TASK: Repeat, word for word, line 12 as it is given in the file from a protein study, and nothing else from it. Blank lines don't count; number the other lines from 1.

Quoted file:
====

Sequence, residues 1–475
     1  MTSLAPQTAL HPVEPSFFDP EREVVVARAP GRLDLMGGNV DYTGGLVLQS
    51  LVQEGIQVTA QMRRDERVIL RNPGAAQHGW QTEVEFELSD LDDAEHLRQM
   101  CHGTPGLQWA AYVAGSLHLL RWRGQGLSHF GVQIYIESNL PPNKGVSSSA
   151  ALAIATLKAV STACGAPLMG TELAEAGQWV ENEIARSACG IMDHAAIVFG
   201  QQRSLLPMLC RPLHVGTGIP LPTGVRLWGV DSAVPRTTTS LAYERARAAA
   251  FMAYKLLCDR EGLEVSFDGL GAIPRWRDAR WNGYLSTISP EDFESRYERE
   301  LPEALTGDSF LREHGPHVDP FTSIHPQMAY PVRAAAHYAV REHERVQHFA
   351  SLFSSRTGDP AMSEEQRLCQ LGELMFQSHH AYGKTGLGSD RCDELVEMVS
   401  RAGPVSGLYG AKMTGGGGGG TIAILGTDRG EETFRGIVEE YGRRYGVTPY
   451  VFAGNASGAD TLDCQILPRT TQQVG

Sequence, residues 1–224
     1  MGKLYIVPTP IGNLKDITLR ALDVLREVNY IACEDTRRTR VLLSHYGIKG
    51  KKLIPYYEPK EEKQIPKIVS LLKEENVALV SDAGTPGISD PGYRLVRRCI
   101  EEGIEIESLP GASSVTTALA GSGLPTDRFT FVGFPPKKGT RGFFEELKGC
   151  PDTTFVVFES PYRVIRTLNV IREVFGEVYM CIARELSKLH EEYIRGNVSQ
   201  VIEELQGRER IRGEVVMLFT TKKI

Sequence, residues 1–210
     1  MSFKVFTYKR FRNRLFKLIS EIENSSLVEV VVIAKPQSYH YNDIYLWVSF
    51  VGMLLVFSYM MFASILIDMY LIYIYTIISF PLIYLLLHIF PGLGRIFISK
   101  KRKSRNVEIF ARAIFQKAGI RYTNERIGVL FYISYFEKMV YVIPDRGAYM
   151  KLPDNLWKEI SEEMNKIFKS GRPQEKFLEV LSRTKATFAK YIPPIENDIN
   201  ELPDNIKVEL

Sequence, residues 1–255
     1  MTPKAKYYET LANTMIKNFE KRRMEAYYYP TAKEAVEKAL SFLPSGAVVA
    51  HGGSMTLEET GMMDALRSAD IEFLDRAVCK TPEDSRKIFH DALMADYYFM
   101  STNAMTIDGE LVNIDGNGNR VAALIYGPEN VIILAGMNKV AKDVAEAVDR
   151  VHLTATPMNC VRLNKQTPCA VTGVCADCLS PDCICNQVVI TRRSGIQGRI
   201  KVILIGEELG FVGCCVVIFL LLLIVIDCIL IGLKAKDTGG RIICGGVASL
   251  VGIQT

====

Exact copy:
Sequence, residues 1–224